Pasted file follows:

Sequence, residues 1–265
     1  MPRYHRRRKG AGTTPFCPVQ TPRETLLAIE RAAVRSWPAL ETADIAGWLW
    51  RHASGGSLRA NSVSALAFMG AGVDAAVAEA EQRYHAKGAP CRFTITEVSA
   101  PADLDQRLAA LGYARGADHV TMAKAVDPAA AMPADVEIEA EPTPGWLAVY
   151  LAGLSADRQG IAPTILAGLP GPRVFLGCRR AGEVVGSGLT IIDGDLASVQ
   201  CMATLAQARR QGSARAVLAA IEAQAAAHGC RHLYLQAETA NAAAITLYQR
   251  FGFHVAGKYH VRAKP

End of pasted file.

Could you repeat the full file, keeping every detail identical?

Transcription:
Sequence, residues 1–265
     1  MPRYHRRRKG AGTTPFCPVQ TPRETLLAIE RAAVRSWPAL ETADIAGWLW
    51  RHASGGSLRA NSVSALAFMG AGVDAAVAEA EQRYHAKGAP CRFTITEVSA
   101  PADLDQRLAA LGYARGADHV TMAKAVDPAA AMPADVEIEA EPTPGWLAVY
   151  LAGLSADRQG IAPTILAGLP GPRVFLGCRR AGEVVGSGLT IIDGDLASVQ
   201  CMATLAQARR QGSARAVLAA IEAQAAAHGC RHLYLQAETA NAAAITLYQR
   251  FGFHVAGKYH VRAKP